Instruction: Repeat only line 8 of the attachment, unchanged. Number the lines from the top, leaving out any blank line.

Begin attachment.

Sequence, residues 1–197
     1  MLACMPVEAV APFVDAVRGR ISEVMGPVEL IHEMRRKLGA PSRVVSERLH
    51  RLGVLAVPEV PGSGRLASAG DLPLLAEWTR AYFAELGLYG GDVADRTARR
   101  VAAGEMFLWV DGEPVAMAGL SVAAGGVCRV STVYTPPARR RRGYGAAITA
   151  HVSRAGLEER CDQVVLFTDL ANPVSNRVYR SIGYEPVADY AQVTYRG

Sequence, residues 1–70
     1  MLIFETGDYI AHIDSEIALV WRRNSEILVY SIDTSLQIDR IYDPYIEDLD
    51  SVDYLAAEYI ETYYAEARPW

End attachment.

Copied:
    51  SVDYLAAEYI ETYYAEARPW